Malawi columnist on cash-gate: If we want, we shall

I have had several discussions over the last two weeks in reaction to my optimism over cashgate. Some people have gone as far as describing me as gullible but that can only make sense if I am understood as believing in this government’s commitment to fighting corruption. I must put it on record that my optimism is not premised on government’s willingness, or lack thereof, to tackle the vice that is before us.

For me, the situation as I see it is out of government’s control. I do not dispute reports that President Joyce Banda may have at some point in the last few months started to tackle this problem, but once an attempt was made on the life of budget director Paul Mphwiyo and stacks of cash were being found at the most unlikely of places, the matter went out of government’s hands. It is the public, including the donors, running the show now.

So, my belief that this vice will be fought and somehow defeated is borne out of my belief in the people who are now in control. If we fail again, therefore, I will not blame government because I do not believe in it in the first place. If ever the much touted power to the people had the biggest chance to manifest itself, this is the moment because those in authority are at their most vulnerable.

Protesters in Lilongwe on October 10, 2013, hold placards wishing Paul Mphwiyo a quick recovery (Photo- Amos Gumulira, AFP)

Protesters in Lilongwe on October 10, 2013, hold placards wishing Paul Mphwiyo a quick recovery (Photo- Amos Gumulira, AFP)

President Banda may be able to put out a brave face in public but I can bet she is under immense pressure and you get the sense that she has so many dilemmas to contend with. That is very easy to tell from some of her statements and actions. There is also a sense of desperation on her part as seen in her political manoeuvres. Anyone who believes that Gwanda Chakuamba still has something to offer by way of national contribution must be really desperate.

Let us face it, there was a time when Chakuamba was a political force, controlling the Shire Valley and with reasonable following in the Northern Region and some parts in the Centre, but since his last presidential bid in 2004, the man’s fortunes have been on a steady steep decline and the next big headline he will make will not be about his new contribution to the country’s progress.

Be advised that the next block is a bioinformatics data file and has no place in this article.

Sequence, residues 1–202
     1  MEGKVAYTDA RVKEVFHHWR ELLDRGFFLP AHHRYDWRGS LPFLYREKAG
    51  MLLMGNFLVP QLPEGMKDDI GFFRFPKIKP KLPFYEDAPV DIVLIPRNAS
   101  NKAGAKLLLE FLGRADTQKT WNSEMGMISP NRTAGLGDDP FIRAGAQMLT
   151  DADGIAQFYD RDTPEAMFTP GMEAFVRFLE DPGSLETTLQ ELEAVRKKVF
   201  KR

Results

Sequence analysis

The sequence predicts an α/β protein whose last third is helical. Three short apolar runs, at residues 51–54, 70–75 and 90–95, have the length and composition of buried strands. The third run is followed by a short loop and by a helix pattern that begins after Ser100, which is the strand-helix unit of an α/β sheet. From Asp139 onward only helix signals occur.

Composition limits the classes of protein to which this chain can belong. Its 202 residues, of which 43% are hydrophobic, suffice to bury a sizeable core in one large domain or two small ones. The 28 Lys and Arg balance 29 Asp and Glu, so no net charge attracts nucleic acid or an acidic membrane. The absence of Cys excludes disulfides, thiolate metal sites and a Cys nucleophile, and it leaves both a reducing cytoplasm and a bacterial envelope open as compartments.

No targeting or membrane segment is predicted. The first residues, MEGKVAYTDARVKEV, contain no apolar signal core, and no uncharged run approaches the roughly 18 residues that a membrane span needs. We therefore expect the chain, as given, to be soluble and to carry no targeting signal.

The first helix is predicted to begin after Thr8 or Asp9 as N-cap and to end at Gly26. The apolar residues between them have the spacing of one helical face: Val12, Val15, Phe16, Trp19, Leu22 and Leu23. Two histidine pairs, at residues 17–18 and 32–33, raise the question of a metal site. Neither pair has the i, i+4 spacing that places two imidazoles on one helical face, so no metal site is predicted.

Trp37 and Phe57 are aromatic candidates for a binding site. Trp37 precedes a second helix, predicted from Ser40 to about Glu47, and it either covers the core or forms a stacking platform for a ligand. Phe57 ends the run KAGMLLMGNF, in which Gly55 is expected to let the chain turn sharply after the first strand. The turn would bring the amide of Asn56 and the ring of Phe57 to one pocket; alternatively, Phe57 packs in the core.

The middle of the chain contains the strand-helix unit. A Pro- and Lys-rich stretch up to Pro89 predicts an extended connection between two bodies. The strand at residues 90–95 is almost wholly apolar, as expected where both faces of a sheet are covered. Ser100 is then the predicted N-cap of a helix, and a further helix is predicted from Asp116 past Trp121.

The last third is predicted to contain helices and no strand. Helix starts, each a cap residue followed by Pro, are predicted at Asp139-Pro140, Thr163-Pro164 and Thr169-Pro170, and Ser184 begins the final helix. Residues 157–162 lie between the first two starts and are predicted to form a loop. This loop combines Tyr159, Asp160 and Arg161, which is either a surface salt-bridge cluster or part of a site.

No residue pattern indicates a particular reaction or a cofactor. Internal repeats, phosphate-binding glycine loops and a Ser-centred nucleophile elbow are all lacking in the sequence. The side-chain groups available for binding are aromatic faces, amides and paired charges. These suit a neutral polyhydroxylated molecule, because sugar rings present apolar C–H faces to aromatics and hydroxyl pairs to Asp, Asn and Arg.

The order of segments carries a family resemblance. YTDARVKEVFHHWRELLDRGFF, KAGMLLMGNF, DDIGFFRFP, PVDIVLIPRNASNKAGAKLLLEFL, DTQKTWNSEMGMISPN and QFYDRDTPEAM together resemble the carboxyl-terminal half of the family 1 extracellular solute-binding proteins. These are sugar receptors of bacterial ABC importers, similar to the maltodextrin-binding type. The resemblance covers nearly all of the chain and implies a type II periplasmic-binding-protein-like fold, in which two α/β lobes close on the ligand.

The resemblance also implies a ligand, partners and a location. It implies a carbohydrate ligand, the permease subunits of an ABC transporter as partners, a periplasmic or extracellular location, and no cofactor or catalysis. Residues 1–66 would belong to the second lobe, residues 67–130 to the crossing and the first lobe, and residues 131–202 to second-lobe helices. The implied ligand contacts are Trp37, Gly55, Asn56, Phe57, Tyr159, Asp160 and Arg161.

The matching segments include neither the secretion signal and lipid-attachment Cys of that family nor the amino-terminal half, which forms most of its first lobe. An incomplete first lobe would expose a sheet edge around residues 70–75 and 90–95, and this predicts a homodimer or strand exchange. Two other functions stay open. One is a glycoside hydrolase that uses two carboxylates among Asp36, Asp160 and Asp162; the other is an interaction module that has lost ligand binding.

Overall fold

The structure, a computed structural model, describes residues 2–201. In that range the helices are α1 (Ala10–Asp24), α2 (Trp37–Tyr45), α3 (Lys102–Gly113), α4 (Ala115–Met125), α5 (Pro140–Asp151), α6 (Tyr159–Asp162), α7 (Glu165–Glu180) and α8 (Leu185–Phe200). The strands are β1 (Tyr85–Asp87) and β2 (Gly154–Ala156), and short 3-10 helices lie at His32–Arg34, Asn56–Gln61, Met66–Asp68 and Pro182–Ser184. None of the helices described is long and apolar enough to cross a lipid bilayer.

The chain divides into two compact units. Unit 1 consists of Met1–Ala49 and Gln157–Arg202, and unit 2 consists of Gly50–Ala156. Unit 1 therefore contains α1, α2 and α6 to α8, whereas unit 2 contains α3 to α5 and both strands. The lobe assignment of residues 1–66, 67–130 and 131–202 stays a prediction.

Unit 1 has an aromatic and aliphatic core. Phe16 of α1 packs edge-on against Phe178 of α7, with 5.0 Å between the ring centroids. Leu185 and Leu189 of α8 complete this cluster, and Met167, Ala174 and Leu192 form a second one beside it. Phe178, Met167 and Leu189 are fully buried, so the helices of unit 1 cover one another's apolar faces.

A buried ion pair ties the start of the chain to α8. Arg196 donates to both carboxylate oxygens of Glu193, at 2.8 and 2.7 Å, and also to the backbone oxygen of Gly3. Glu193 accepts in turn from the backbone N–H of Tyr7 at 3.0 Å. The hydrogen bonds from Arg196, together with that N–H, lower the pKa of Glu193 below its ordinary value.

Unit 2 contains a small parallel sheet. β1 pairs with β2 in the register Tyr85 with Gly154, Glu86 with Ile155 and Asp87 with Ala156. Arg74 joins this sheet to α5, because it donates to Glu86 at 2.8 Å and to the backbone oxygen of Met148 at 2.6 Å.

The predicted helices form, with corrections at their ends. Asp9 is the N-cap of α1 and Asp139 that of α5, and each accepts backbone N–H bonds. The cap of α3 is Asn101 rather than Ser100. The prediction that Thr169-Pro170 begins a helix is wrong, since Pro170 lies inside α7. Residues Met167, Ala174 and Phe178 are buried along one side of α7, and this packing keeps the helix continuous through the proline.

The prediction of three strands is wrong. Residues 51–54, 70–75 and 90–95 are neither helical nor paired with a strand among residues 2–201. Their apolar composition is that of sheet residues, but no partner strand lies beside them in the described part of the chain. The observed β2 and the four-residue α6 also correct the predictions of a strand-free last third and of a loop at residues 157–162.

But I have digressed. Most people who have questioned my optimism have made two valid points. The first is that the country has seen many arrests of people on several cases before but nothing has come out of them because they have never been prosecuted or have somehow died a natural death. I agree and I made a similar point to some government apologist who was upbeat over the arrests that we have seen.

My response to that is that we have had that situation because we, the public, have allowed it. Authorities know, as Atcheya often reminded us, that Malawians forget easily and if they buy some time we shall all forget and start talking about other things. In that regard, therefore, if we agree that we want some real and tangible action on this matter, it will happen whether those in power want it or not.

It has been rightly pointed out to me that the current government may want to play games by taking its time until the elections when they can continue to dither until we forget and move on. I would like to believe that if they do that, Malawians need to respond to that gamesmanship by voting them out in May. That may send a powerful message for whoever takes over to do something about it once they take the reins.

The other cause for pessimism is the fact that indications from the rumour mill are that cashgate may have involved some prominent people very close to the seat of power in various ways and it is inconceivable that there can be any movement on trying to take culprits to book. Again, I would like to believe that there are people out there set to become national heroes who will see to it that they frustrate any efforts to frustrate progress.

I mentioned two weeks ago that the fact that this is happening six months to the tripartite elections makes it difficult for government to play whatever games it may want. Cashgate will hopefully determine significantly the person to make it to Sanjika or Kamuzu Palace and government knows that token arrests that come to nothing will not help its case. Mind you, I am aware that I could be overrating the thinking in government.

A lot was made, especially on social media, of former Justice minister Ralph Kasambara’s revelation that President Banda would be among his witnesses in his attempted murder case. Those who were ecstatic saw a lot of wit, but I only detected blackmail at best, desperation at worst. Either way, I was even more convinced that it will be difficult to stop the wheels of justice this time.

And I have not yet discussed the donor dimension yet. The fact that there are foreigners involved in the current investigations gives me hope that nothing will be doctored and all will be revealed. Government will, therefore, have no choice but account for its actions on the findings or risk losing the goodwill from both within and outside. That is why I believe we shall gain something from all this madness not because of government but despite of government.

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